Tag Archives: RIP

Randy Pausch, alas, has died

Randy with wife Jai and children

Randy with wife Jai and children

It was announced today by Diane Sawyer on GMA (July 25, 2008) that Randy Pausch succumbed to pancreatic cancer earlier this morning at home in Virginia. While he didn’t live that long in years (47), his life was a luminescent falling star that touched so many of his students, watchers and readers of the “Last Lecture.”

We wish Jai, and their young children (Dylan, Logan and Chloe) well on coping with this enormous loss and hope that millions of us can show the ultimate power of Randy’s life by translating his life lessons into our own lives.

RIP, Randy. I’m sure you’re already inspring the angels in worlds beyond and I’m thinking of the lucky newborn who gets to inherit your soul.

As Randy himself put it in remarks to CMU graduates recently and demonstrated through his life, “[W]e don’t beat the [Grim] Reaper by living longer. We beat the Reaper by living well.”

Here’s what I see Randy’s legacy as being in my own life. For more of Randy’s life wisdom visit here, for inspiring quotes of Randy’s visit here. See the CNN story of his passing here and see ABC News story of his death.

The family requests that donations on his behalf be directed to the Pancreatic Cancer Action Network, 2141 Rosecrans Ave., Suite 7000, El Segundo, Calif. 90245, or to Carnegie Mellon’s Randy Pausch Memorial Fund, which primarily supports the university’s continued work on the Alice project (that Randy started through CMU’s computer science department).

See Randy’s comments to the CMU graduates in June.

And spurred by Randy Pausch, the NY Times Well blog had a contest on advice for children with these winning pieces of advice.  And Randy explained in this WSJ piece how to say goodbye which has some wonderful videos.

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Randy Pausch’s passing away and legacy

Many people wish to know inspiring Randy Pausch’s current medical condition. Alas he passed away last night at home in Virginia early on July 25, 2008 from pancreatic cancer at the age of 47.  Here are the 8 ways I see him influencing my life (his legacy).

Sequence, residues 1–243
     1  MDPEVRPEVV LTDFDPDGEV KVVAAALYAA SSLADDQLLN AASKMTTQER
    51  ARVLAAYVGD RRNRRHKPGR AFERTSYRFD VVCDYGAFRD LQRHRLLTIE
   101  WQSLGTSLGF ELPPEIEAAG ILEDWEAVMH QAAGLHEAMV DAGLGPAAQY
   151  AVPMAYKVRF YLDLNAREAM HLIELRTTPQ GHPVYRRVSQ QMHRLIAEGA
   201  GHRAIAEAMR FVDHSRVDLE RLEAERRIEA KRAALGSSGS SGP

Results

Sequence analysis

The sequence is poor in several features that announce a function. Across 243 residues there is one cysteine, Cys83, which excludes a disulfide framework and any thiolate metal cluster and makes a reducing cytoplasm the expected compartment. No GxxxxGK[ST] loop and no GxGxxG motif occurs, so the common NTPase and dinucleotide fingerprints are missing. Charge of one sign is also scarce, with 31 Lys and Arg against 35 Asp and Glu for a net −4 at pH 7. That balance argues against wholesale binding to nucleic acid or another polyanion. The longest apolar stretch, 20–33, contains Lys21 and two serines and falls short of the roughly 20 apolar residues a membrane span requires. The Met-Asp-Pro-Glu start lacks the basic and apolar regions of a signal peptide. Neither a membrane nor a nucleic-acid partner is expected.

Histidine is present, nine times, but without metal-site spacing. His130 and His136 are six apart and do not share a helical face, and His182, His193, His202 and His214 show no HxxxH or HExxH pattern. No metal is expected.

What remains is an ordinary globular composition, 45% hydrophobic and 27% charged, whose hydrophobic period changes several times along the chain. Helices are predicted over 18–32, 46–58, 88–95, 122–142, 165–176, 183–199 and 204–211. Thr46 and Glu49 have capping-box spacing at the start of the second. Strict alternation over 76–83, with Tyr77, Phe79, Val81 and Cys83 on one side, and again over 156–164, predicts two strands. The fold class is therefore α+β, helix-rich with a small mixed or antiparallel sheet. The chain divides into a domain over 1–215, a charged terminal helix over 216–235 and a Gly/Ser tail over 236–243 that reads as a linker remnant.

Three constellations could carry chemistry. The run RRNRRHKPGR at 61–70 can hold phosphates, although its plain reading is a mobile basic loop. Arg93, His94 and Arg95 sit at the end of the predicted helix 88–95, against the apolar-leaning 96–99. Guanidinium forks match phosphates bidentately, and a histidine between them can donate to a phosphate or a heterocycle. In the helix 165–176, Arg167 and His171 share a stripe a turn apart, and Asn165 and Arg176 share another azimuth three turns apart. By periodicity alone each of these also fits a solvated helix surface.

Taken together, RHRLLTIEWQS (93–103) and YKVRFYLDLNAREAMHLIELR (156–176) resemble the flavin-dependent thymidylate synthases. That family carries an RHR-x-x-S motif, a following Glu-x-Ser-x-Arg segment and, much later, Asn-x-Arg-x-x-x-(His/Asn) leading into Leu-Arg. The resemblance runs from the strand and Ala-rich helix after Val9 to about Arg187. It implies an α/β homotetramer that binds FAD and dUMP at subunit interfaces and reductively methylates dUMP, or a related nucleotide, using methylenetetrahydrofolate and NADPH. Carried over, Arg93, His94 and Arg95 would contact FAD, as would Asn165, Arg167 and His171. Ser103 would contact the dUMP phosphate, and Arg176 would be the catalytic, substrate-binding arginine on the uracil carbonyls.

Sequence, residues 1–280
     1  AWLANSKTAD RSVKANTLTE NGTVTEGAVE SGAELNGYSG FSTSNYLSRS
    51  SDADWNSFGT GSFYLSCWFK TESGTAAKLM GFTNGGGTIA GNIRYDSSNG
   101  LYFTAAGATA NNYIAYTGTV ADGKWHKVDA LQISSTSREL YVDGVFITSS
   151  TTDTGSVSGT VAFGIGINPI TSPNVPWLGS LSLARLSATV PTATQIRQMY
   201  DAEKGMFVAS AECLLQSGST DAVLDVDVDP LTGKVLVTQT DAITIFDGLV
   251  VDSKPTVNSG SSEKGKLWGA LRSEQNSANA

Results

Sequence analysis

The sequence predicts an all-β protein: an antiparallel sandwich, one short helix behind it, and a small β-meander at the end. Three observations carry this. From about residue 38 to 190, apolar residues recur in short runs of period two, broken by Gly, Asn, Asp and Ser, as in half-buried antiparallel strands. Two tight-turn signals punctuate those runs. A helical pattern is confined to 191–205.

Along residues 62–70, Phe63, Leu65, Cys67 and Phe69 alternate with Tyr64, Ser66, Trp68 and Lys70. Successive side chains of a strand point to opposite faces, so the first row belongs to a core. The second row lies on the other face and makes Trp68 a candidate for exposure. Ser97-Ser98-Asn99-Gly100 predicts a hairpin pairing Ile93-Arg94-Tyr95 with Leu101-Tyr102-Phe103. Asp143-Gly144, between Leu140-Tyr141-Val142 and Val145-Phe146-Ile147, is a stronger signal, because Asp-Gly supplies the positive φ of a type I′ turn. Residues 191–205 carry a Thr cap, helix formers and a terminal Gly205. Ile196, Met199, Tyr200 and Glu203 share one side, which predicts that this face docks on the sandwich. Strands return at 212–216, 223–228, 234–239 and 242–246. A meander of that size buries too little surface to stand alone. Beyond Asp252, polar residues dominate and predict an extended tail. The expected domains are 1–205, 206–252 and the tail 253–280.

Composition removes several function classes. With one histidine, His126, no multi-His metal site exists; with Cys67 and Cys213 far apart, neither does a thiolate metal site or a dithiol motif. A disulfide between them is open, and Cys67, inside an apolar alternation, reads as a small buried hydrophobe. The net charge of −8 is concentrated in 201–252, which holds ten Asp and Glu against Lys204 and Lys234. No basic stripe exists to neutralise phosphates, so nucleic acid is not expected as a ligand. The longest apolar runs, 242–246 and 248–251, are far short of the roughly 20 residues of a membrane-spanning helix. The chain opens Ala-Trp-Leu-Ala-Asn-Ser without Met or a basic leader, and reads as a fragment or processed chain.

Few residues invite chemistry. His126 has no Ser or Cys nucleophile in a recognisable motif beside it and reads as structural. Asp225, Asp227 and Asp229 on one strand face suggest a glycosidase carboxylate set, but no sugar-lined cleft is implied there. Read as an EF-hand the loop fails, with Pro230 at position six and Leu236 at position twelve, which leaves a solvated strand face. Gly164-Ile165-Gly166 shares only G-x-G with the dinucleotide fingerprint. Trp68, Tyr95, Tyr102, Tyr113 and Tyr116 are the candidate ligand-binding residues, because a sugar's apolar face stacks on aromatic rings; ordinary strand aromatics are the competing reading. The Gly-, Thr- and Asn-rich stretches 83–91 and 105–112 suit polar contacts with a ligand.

I wrote about his amazing Carnegie Mellon University “Last Lecture” earlier (which has been viewed by more than 6,000,000 Americans. I also wrote how he has lived to fulfill his last unfulfilled dream of playing with a professional football team. [Randy was the head teaching assistant when I was a teaching assistant in an introductory computer class at Brown University some years back.]

He lived a bright life to the end, he went back in June to give a charge to the graduating seniors at his beloved Carnegie Mellon University. Randy who called himself an “accidental celebrity” and says there are not many of these for pancreatic cancer since people don’t survive long enough for there to be a Michael J. Fox, mustered the energy, in March, 2008, to testify powerfully and movingly before Congress on pancreatic cancer research.

Pausch noted that no progress has been made on pancreatic cancer research in the last 30 years and there is now a far better chance of living with AIDS than pancreatic cancer. Randy noted that pancreatic cancer is the fourth leading cause of cancer deaths, a disease which strikes innocent victims: Randy exercised, ate right, didn’t smoke, didn’t drink, but still contracted this disease. Randy Pausch thinks we can protect ourselves from this disease but not without dramatically increased funding for research. The disease is genetic and he goes to sleep at night fearing whether kids (ages 2-9) have this genetic marker, although he hoped with dramatically increased funding for pancreatic cancer research that by the time any of his kids get this disease (which usually strikes later in life), doctors will know how to cure it through genetic treatment.

See notable quotes from Randy here and his life wisdom here.

Note: Randy’s book The Last Lecture (Hyperion Press) was released (April 8, 2008), co-written with WSJ reporter Jeff Zaslow. See Randy’s video about the book and preview of interview with Diane Sawyer of ABC News special about the book (airing April 10, 2008).